DJM Court of Appeal Success

Author: Laura Alliss

Date: 03 May 2019

 

DJM’s Court of Appeal Success – Clarification given on CPR Part 36

Calonne Construction Limited v Dawnus Southern Limited [2019] EWCA Civ 754

Acting for Dawnus Southern Limited (now in Administration) (“Dawnus”), Laura Alliss and Philip Graham of DJM solicitors have successfully defended an appeal brought by Calonne Construction Limited (“Calonne”) challenging the validity of a CPR Part 36 offer to settle, which had been made by Dawnus in the substantive proceedings.

The substantive proceedings[1] had been brought by Calonne, an SPV set up for the specific purpose of managing the construction of a property at 12 Calonne Road, Wimbledon (“the Property”), against Dawnus who carried out shell and core works at the Property. Allegations were raised by Calonne that Dawnus had negligently undertaken works which resulted in significant water ingress some six months after practical completion. Dawnus counterclaimed for the unpaid balance of its works.

At trial, HHJ McKenna found that Dawnus had not been negligent and gave judgement in favour of Dawnus. When it came to determining costs, Dawnus sought to rely on an offer which it had made under CPR Part 36 (“the Offer”) to accept a sum lower than that which was awarded to Dawnus at trial. Calonne argued that the Offer was not a valid Part 36 offer for two reasons;

  1. The Offer was made in respect of Calonne’s claim and Dawnus’ counterclaim, which at the date of the offer had not yet been issued/pleaded. Calonne argued that a valid Part 36 offer could not take into account a counterclaim which had not yet been issued, in circumstances where the main claim had already been issued; and
  2. The Offer imposed interest following the expiry of the relevant period. Calonne argued that in order to be a valid part 36 offer, only those terms as set out within CPR Part 36.5 can be included and that the inclusion of any additional terms, such as confidentiality clauses or interest after the expiry of the relevant period, took the offer outside of Part 36.

HHJ McKenna found that the Offer was a valid Part 36 Offer and therefore ordered costs to be paid on an indemnity basis and with an increased level of interest.

Calonne appealed the decision of HHJ McKenna and argued the two same points on 11th April 2019 before the Court of Appeal. In their Judgement, Hamblen LJ, Flaux LJ and Asplin LJ, when dismissing the appeal in its entirety, provided clarification on three practical matters relating to an offer made under CPR Part 36;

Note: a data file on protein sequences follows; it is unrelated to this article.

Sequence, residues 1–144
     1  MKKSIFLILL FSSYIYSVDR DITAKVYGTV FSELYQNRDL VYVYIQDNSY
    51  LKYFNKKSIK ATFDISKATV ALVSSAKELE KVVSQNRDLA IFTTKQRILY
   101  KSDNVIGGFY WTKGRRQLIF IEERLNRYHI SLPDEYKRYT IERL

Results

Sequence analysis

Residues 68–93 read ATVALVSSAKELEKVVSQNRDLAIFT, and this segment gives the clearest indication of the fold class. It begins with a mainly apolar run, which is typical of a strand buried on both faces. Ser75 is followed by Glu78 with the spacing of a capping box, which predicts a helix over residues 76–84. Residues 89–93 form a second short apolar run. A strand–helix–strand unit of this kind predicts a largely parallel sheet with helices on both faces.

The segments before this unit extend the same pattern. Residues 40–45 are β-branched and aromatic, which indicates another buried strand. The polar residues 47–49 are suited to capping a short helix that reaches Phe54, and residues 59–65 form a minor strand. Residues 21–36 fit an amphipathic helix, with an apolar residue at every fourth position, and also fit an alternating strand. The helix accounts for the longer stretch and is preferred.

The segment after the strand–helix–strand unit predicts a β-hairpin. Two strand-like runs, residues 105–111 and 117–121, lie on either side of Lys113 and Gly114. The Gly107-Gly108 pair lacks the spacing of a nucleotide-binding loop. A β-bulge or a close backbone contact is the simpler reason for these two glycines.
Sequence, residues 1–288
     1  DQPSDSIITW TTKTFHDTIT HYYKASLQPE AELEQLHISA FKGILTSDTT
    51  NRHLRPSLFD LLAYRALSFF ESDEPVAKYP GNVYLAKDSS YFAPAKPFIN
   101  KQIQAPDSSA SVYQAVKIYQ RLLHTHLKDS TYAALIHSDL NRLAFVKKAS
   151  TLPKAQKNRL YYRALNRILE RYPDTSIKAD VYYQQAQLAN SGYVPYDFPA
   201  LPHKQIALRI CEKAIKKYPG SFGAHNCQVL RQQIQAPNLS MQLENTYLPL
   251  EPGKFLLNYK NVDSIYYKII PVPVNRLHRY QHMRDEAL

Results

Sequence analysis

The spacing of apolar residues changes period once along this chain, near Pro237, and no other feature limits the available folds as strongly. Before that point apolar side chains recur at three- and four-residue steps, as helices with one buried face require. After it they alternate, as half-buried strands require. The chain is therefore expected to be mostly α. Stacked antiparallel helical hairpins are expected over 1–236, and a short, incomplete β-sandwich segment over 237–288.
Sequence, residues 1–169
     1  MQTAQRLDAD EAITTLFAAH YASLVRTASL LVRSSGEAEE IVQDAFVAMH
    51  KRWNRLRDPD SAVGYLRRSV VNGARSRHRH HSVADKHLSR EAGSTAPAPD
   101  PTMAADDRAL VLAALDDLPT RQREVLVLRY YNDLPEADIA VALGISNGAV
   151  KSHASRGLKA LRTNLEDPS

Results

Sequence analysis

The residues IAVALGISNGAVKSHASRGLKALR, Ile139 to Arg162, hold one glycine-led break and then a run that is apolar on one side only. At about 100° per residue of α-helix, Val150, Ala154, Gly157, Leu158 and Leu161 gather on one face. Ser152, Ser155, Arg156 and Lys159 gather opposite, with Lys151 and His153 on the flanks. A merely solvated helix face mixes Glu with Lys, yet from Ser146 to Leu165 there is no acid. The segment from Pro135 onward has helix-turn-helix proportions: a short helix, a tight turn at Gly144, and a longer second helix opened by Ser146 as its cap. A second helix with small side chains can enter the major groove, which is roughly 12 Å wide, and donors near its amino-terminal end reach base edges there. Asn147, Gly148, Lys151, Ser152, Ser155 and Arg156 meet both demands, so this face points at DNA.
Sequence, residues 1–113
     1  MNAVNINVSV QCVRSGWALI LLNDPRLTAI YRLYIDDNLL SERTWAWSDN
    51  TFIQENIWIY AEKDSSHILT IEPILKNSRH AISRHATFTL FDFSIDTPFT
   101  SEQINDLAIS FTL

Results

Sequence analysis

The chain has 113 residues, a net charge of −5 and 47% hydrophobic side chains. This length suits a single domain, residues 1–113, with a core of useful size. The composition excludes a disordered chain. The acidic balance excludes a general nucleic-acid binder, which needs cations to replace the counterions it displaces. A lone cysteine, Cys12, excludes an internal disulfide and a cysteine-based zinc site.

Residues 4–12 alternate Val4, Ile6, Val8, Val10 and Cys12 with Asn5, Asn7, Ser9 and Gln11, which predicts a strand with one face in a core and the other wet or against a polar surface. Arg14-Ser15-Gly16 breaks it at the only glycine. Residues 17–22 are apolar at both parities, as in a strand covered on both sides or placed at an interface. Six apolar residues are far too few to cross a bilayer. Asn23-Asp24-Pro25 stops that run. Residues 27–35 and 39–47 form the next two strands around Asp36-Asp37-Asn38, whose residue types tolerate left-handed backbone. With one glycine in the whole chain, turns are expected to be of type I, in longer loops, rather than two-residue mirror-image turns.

1. A defendant’s proposed counterclaim is to be treated as if it were a claim for the purposes of CPR Part 36 and therefore an offer can be made in relation to a counterclaim, before it has been pleaded;
  2.  There is nothing within CPR Part 36 which precludes the inclusion of terms in addition to the requirements set out in CPR Part 36.5. Therefore, as long as the provisions of CPR Part 36.5 are complied with, the offeror can include any additional terms as they see fit; and
  3. When determining whether or not a Part 36 offer has been beaten at trial, the trial judge is to calculate the value of the offer as at the expiry of the relevant period.

When making its final order in the proceedings, the court exercised its discretion under CPR 37.3 to order payment out of funds held by the court in satisfaction of the outstanding judgement sum, so as to allow Dawnus to pursue the director of the impecunious Calonne for a non-party costs order in respect of all of the trial costs. Although Calonne had been ordered to pay into court (as a condition of the granting of permission to appeal) the costs which had been ordered to be paid with the substantive proceedings, the Court of Appeal ordered that pursuant to CPR 37.3 the sum could be released in part-payment of the outstanding judgement sum.

This Judgement provides useful guidance to those drafting Part 36 Offers and the Judgement can be found in full here 

[1] Calonne Construction Limited v Dawnus Southern Limited [2018] EWHC 1634 (TCC)

 

 Laura Alliss - Published 3rd May 2019

 

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